The plot of approximately 25% of Hollywood romantic comedies goes something like this.
Young couple meet, fall passionately in love, get married, have kids.
Then something happens – husband starts drinking, wife becomes head of multinational corporation, child lost in typhoon – that causes their love to be tested. Couple separates, then divorces.
Several years pass.
Husband stops drinking and starts an inner-city youth group, or wife resigns from corporation to become a bread baker.
Then one day, on the steps of the New York Public Library, they meet again. “How have you been?”
They go for coffee. That same old spark is still there. Queue the Billy Joel ballad. Roll credits.
Here in Charlottetown we awoke up to a headline in our morning paper “Homburg International buys Holman Grand”:
Richard Homburg, international businessman, impresario and megalomanic, a man who built a real estate empire in Charlottetown – a skyscraper, a hotel, a shopping mall – and then lost it all, has returned triumphant, reacquiring everything he lost.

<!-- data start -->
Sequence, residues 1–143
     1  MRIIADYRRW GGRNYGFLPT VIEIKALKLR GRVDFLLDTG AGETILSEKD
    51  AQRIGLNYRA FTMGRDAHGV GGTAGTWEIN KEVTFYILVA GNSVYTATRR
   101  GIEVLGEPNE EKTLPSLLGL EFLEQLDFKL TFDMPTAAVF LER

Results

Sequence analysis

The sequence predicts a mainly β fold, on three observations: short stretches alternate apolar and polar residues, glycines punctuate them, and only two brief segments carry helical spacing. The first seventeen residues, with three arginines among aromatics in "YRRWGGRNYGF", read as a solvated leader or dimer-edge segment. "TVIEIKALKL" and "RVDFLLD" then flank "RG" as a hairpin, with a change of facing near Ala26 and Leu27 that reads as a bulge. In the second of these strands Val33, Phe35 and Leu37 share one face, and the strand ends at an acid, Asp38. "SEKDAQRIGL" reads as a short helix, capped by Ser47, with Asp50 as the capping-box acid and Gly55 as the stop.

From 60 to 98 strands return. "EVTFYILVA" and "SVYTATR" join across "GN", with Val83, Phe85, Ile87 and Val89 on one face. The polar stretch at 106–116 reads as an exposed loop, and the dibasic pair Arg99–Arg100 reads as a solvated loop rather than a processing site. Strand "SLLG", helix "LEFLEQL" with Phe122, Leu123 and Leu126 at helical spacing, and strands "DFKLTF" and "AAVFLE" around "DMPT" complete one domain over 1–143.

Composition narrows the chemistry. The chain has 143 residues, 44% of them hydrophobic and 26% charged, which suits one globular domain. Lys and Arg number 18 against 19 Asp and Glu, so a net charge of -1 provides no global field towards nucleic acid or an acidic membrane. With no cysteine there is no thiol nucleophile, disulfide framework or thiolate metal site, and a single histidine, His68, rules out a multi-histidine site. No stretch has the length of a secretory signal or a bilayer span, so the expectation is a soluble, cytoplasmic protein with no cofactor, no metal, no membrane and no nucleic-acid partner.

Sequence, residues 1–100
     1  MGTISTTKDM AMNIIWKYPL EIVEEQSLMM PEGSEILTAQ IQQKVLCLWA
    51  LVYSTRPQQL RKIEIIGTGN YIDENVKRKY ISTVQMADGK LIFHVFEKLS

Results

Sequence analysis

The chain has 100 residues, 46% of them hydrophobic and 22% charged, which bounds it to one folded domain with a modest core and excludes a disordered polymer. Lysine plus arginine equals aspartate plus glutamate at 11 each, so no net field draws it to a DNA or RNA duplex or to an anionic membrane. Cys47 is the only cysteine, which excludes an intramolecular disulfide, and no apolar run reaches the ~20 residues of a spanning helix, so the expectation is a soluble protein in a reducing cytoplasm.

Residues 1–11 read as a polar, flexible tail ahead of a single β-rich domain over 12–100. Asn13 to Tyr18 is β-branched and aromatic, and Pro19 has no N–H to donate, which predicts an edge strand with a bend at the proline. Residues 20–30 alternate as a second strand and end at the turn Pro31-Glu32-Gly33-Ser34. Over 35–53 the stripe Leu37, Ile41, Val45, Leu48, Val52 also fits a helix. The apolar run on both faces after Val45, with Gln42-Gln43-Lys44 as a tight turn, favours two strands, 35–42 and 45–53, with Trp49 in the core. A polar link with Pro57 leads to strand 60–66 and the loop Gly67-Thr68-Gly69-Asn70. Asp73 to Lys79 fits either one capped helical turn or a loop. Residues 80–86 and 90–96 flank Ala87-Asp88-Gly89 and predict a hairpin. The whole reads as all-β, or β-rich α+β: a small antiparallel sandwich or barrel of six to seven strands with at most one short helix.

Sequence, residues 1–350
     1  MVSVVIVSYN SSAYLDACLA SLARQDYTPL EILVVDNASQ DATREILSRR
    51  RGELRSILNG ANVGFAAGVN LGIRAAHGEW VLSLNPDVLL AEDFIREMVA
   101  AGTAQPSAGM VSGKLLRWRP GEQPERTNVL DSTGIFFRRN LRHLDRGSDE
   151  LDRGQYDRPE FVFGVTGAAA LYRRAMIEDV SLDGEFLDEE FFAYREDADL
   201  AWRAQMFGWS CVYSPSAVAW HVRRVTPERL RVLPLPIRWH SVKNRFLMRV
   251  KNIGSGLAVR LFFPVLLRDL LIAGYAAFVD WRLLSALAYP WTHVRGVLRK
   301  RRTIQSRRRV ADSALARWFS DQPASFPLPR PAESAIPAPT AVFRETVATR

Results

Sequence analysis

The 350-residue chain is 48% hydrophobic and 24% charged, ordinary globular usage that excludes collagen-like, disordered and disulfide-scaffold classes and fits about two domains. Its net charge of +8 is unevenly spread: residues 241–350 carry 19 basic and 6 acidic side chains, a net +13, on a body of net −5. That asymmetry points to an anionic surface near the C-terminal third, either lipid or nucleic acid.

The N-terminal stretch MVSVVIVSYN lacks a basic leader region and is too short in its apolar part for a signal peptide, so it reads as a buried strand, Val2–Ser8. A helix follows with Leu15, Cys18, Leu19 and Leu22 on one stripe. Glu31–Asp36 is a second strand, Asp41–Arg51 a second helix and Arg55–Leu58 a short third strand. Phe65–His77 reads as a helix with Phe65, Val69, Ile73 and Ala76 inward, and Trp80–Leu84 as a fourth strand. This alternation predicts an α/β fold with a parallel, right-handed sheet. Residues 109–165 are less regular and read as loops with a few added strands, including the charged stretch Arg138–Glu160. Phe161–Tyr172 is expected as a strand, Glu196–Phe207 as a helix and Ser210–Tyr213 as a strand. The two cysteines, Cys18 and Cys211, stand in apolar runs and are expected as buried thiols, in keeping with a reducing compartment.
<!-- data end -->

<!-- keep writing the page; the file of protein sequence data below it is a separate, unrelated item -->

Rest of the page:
He has a new name – Homburg Invest has been replaced by Homburg International – and a sassy new attitude: “we look forward to contributing valuable and successful properties, and relationships, in the community of PEI,” he’s quoted as saying in the paper this morning.
Richard Homburg is back, baby, and he’s ready for us to love him again.
And the strange thing is, maybe we’re ready to love him back.
Has anyone ever really understood why Homburg, if he is as high-flying and succcessful as he would like everyone to believe, would set his sights on reimagining downtown Charlottetown? Surely there are better places to make money than running a boutique hotel in a city that shuts down for 8 months of the year, a shopping mall that’s never really worked the way it was supposed to, or a skyscraper that’s mostly empty.
Now that the adulation of Islanders is gone, the shame of failure endured, can there be any explanation for Homburg’s return other than that he loves us?
Maybe it’s time for we Islanders to look into our hearts, realize how lucky we are, and welcome him into our arms.
“How have you been?”
“It’s been hard. I really loved you. I cried for months when you left. And then one day I woke up and realized it was time to move on. And so I did. One step at a time. But, you know, there’s always been a part of me that knows that I’ll never love anyone like I love you.”